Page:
Dolly Parton adds pandemic hero to list of accomplishments
Music icon being celebrated in song for her contribution to an experimental COVID-19 vaccine
Dolly Parton is being celebrated in song — a rewritten version of her own Jolene — for her contribution to an experimental coronavirus vaccine.
Ryan Cordell, associate English professor at Northeastern University in Boston, posted a video on Twitter of himself performing a tweaked version of Parton's signature song, renamed Vaccine, that has drawn tens of thousands of views.
The lyrics, "Vaccine, vaccine, vaccine, vaccine / I'm begging of you, please go in my arm / Vaccine, vaccine, vaccine, vaccine / Please just keep me safe from COVID harm," were written by linguist and author Gretchen McCulloch, who posted them online and invited people to record them.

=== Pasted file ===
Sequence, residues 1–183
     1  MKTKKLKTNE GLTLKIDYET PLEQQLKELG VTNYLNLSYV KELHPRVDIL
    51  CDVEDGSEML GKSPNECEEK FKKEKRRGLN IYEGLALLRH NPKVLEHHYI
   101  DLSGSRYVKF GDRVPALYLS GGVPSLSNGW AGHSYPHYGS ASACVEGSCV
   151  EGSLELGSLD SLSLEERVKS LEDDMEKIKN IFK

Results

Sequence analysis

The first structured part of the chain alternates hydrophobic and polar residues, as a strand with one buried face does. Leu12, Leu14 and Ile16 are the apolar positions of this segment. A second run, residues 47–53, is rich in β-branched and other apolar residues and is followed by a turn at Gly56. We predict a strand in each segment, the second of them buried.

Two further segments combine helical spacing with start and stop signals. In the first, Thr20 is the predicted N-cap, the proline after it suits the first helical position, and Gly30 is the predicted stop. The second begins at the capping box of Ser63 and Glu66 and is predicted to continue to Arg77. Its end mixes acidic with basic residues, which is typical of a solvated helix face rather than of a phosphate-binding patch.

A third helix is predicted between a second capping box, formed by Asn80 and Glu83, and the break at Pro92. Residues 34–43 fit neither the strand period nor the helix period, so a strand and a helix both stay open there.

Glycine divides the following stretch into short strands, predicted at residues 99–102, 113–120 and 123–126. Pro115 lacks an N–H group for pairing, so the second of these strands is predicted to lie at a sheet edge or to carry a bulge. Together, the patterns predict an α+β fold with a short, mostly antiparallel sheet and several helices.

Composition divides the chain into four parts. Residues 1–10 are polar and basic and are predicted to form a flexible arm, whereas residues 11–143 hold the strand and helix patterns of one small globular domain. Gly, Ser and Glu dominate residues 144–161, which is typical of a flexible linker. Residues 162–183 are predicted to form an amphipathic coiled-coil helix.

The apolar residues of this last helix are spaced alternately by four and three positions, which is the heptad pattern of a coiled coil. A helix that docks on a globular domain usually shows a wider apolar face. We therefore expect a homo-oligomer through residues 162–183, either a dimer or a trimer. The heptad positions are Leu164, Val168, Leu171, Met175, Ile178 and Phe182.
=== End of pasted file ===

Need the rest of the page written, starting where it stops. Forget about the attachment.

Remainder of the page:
"I love that song. I love Dolly Parton. And I don't know — I was inspired," Cordell told The Boston Globe on Tuesday. "So I went and grabbed my guitar."
I couldn't resist trying it immediately, though I had to sing a bit more quietly than I typically would—for this tune in particular—because my family's all asleep right now. But you can see it scans, good enough for country at least! <a href="https://t.co/joQL29e7Uk">pic.twitter.com/joQL29e7Uk</a>—@ryancordell
Parton's $1-million US gift to Nashville's Vanderbilt University Medical Center for COVID-19 research went, in part, toward the development of Moderna's experimental coronavirus vaccine, announced this week.
The singer's name appeared among other sponsors in a preliminary report on the vaccine.
Cordell grew up with Parton's music, thanks to his parents and grandparents.
"So I was just thrilled to see this news that she had contributed to COVID vaccine research — I thought that was amazing," he said.
Cordell called the positive reaction to his video from doctors, nurses and other medical professionals particularly gratifying.
"That's really amazing because those folks are under so much pressure and stress, and especially right now as hospitals are getting overwhelmed," he said.
"So if they watched the video, and it made them happy for a minute, that's all I need."